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Get the current SECRET questions here!  

See a sample S.E.C.R.E.T. here!



What Is a S.E.C.R.E.T.?

These are short, but substantive writing and critical thinking projects to help students develop skills in synthesizing material from class discussion, books, films, lectures, etc.; in explaining important terms and concepts; in applying critical thinking to evaluate the legitimacy of ideas; in reflecting upon new material and how it fits into existing world views; in expanding on material presented by adding your own ideas and definitions; and in contributing to theory or developing new theories about phenomena.

S.E.C.R.E.T. questions will be made available prior to the due date indicated on the syllabus.   You will generally be provided with several choices of questions and will be asked to choose one to write about.  You must write no more than three pages, not including a title page (if you choose to have one) and a Works Cited page (required).  For detailed formatting instructions, see http://www.marthabianco.com/Courses/Cities/checklist.htm.


How to Write a S.E.C.R.E.T.

For best results, follow these guidelines:


Think of each S.E.C.R.E.T. as a mini analytical research paper.  It is not something that one can do in a day or two.  The S.E.C.R.E.T. questions are posted about seven days before the paper is due.  Therefore, follow this suggested work plan for best results:


(Note: “Day 1” would be the day after the S.E.C.R.E.T.s are posted)


Suggested Writing Schedule

Day and Activity




Thesis, Background, Initial Prewriting


¨     Use the lecture guides and your class notes as a guide to help you work through the readings to identify material related to the questions.  As you do so, narrow down which question interests you the most, but be sure not to ignore other material that might be relevant.

¨     Check out any required or recommended online sources (especially academic, scholarly sources)

¨     Take a short break.

¨     Check out any other online sources.

¨     Engage in brief prewriting activities (see How to Write a University Paper).

¨     Take a break (at least an hour).

¨     Engage in more prewriting to help identify your thesis and/or main point(s), narrow your discussion, and identify elements for your outline. 



Outline Preparation

¨     Prepare your outline by organizing your prewriting.

¨     Continue to look for information from the readings, lectures, discussions, or your own independent research to substantiate your ideas, provide operationalizations for terms, and inspire your thinking process.

¨     Take a break.

¨     Refine your outline, eliminating topics that are only vaguely related or do not connect logically with the overall thesis.

¨     Eliminate redundancies and weak, vague ideas. 



First and Second Drafts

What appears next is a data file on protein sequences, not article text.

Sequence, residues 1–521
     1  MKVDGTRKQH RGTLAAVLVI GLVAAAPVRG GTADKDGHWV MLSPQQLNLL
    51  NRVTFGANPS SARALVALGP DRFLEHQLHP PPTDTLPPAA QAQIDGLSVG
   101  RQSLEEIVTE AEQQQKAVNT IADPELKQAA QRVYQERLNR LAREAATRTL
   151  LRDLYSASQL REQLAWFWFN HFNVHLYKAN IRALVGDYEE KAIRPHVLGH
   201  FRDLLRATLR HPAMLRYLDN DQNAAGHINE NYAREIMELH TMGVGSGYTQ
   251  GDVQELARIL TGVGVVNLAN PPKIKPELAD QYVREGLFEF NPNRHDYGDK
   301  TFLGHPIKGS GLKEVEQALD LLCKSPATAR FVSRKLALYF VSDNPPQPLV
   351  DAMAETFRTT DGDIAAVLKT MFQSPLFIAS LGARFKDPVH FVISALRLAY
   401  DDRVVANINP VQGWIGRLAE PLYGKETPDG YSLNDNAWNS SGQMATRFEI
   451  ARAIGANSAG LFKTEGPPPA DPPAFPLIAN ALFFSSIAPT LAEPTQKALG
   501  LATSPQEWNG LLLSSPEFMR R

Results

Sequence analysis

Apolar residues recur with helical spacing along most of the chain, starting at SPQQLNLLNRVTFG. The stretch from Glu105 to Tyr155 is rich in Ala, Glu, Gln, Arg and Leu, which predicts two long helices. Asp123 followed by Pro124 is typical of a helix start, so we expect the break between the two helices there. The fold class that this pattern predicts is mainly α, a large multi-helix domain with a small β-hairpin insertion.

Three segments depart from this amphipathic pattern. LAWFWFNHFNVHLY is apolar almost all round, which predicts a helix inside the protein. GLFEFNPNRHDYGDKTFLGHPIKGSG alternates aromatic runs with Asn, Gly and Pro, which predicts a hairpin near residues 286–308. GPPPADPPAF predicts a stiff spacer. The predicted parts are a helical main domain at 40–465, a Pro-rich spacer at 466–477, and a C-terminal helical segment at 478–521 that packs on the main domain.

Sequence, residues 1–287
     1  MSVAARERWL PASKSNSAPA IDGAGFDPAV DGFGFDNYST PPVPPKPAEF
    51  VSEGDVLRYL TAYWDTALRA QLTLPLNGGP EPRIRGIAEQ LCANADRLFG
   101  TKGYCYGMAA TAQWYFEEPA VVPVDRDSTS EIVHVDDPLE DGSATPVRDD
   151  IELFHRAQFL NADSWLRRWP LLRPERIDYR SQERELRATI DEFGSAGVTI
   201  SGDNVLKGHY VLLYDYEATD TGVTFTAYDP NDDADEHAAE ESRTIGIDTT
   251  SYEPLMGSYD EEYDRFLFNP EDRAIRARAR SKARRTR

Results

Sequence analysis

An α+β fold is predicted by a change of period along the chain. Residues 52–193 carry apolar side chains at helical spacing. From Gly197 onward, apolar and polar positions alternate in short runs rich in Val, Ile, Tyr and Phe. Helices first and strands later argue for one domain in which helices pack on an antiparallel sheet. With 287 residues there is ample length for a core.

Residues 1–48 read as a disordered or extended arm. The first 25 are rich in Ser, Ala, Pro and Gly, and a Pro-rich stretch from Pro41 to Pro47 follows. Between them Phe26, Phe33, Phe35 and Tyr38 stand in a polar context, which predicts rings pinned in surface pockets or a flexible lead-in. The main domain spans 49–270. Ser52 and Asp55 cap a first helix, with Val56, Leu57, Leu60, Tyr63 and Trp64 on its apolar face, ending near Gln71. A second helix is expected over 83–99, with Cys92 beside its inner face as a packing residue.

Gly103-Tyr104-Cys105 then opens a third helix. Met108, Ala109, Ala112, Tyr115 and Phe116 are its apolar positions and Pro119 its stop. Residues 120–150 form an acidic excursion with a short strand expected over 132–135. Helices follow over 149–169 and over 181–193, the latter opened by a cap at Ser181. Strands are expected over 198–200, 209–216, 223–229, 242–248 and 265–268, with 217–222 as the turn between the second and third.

¨     Writing directly from your outline, begin a first draft.  Do not worry about paper length or word count at this time.  Focus on writing your paper and adhering to your outline and the task before you (presenting and substantiating a thesis).

¨     Perform a spell and grammar check to begin eliminating wordiness, colloquialisms, weak phrases, passive voice, and basic spelling, punctuation, and grammar problems. Correct your errors as well as you can at this time.

¨     Print out your paper.

¨     Take a break.

¨     Read through your paper, checking it against the editing and grading form and looking for ways to reduce length, if necessary. Edit your paper manually and correct any spelling, punctuation, typographical or other writing errors as you catch them. 

¨     Prepare a second draft

¨     Revise your paper based on your first spell and grammar check and read-through.  Print it out.  Do nothing else this day.



Third Draft

¨     Read your second draft that you printed out on Day 3.  Is it perfect?  If not, repeat steps the last three steps from Day 3.

¨     Take a break.

¨     Begin formalizing citations within the text and creating your Works Cited page, according to MLA style (see Hodges’ Handbook or the quick reference guide). 

¨     Create the first draft of your Works Cited page.

¨     Print out everything.

¨     Take a break (at least an hour).

¨     Proofread your entire paper, making sure this time that citations within the text are correct and that they have a corresponding entry in the Works Cited page. 

¨     Proofread your Works Cited page for format.  Make corrections manually.

¨     Prepare a fourth draft.

¨     Perform a spell check and grammar check; make sure your paper does not go beyond three pages.

¨     Print out your paper.  Do nothing else today.



Final Draft

¨     Read your final paper.  Manually edit any remaining problems.

¨     Prepare your final draft and a title page (optional).

¨     Print out your paper, including title and Works Cited pages.  Set aside.  Do nothing else today.



Final Paper

¨     Read through your printed-out final draft.  Is it perfect?  If so, staple it together and put it into your pocket folder or peer-editing envelope.  If you are turning in a version for peer editing, make sure your name does not yet show on the paper anywhere; use your ID only. If you are using a folder to turn in the final version, make sure any previous assignments are also in the folder. You’re finished!  If it is not perfect, go on to the next step.

¨     Make manual revisions and then make the corrections in the computer processed version.  Perform a spell check.  Print it out.  Take a break.

¨     Repeat first two steps until perfect.


Turn in Paper

Turn the paper in and take a day off. J